Preparation is the key to every well-finished paint job. Slapping a new paint coat over damaged walls might hardly be worth the time, effort, and investment. Interior and exterior walls go through regular wear and tear over the years that need repairing before the paints. Wall flaws can resist proper paint adhesion, thereby decreasing the overall durability and appearance.
Time devoted to clearing dirty, damaged, and dinged walls can go a long way to give you the perfect-looking walls after a painting project. Otherwise, flaws and blemishes might reappear pretty quickly to show through your newly painted walls. At Surepaint, we value the importance of preparing damaged walls before applying paints and would be happy to guide you through. Here we will discuss a few tips to prepare your damaged walls appropriately before every paint job.
Dusting And Cleaning
Dirt on the walls can prevent paint from adhering properly. As such, you need to clean the walls before painting. Inexpensive cleaners mixed with warm water should do the job well. Use a large sponge to clean out sitting dust from the walls, beginning at the top. Squeeze out excess moisture from the sponge to avoid drips. Clean the walls, ceilings, and baseboards thoroughly and allow them to dry before the paints. You might be required to use a bleaching solution while cleaning any mildew-affected areas on the walls as well.
Highlight Flaws With Light
Surface flaws can be detected more efficiently in the afternoon light. An effective way to do this is by placing a light source near a wall and moving it across in a raking motion. Ensure to turn off any room lights and close all drapes beforehand. This makes detecting minor irregularities easier through casted shadows. Use tape to highlight such imperfections on the walls. Using a pencil or sharp tool to mark flaws can bleed through the paint.
Fix All Damages
Detecting flaws on your walls will not help until repaired. Popularly, painters prefer drywall spackle and joint compounds for such repairings. The toothpaste-like texture of spackle is preferred for smaller walls, and mud-like joint compounds go well with the larger surface repairing. The process involves mixing the suitable compounds, uniform application over the dents, and drying out. Repair any nail pops by covering screw heads with multiple coats of joint compound. Cut away any torn drywall paper, apply stain-blocking primer and top it up with a thin layer of joint compound as well.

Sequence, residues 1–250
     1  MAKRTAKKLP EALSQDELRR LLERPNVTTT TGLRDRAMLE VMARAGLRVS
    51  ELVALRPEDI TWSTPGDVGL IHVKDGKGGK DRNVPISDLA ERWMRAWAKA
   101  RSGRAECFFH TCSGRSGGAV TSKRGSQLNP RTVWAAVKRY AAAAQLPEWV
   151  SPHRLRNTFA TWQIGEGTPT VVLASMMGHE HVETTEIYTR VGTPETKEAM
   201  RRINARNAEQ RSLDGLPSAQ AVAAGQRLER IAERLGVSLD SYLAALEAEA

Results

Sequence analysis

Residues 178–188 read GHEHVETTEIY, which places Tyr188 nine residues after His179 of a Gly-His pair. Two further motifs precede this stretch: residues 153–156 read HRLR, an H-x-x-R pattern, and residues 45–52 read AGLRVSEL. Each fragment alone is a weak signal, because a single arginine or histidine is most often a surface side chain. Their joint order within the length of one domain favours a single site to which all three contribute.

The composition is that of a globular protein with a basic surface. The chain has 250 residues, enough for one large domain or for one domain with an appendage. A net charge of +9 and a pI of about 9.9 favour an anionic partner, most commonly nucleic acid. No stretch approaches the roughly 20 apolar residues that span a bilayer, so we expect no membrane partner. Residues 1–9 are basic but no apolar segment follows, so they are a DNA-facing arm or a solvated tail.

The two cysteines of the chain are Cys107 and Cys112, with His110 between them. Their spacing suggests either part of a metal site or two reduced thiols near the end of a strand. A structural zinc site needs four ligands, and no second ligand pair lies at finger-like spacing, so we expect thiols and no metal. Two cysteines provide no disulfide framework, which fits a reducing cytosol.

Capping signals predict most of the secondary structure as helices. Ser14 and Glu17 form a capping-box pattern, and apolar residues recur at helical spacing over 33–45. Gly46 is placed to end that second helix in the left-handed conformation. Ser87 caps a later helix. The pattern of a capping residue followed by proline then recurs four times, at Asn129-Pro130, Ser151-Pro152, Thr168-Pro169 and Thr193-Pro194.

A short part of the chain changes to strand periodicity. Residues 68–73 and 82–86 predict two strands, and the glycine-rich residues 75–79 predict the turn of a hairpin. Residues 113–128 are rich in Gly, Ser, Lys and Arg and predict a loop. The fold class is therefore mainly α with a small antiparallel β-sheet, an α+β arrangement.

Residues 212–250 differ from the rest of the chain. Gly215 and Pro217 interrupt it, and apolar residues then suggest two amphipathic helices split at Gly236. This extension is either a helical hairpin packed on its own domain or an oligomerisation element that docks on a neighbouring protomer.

Leveling repaired surfaces before painting is vital. Sanding repaired walls can help with clearing any nubs that can affect paint finish. Fine grit sanding does well when it comes to pre-painting jobs. Uneven repairing spots with extra joint compound or spackle need sanding for uniformity. Sanding surfaces can also make them sufficiently rough for better paint adhesion. A fine 220 grit sanding should be appropriate for most wall surfaces, whereas older cabin walls might require an eight grit paper for similar results.
Taping And Masking
Even professionals might be reluctant to work without appropriate taping around painting targets. Masking valuable objects and floors within rooms help prevent paint debris from getting scattered all over. While painting walls, taping window trims and baseboards can be immensely helpful. Taping in itself can be extraneous but essential. Hard-to-reach areas while rolling or spraying need to be taped while applying paint. These can be your door and window trims, molding, and baseboards which need to be taken care of separately.
Prime All Repairings
The need to prime walls before painting can be a tricky question. However, it is relevant to the kind of surface you plan on painting. For new or repaired walls, appropriate priming is essential for paint adherence, finishing, and durability. But adding new layers of paint over existing water-based paint might do without priming work. Priming is also recommended for glazing over semi-gloss or oil-based, though. The purpose of applying primer is to prepare an even surface, disguising imperfections for new paint layers to lock onto. Primed surfaces can ensure a superior appearance for newly painted projects.
Preparing damaged walls before painting is a crucial step. New paint coats should be applied to clean and blemish-free walls. This might call for wallpaper removal or washing walls with appropriate cleaners as necessary. If you decide to prime the wall before painting, then make sure you prime the entire surface for consistency. You may also opt to sand minor imperfections instead for smoother paint coats if pre-existing damages are minimal. Applying new paint on the walls can be tempting enough to make you directly jump into it. But take the time for suitable prep work before proceeding to maximize results.
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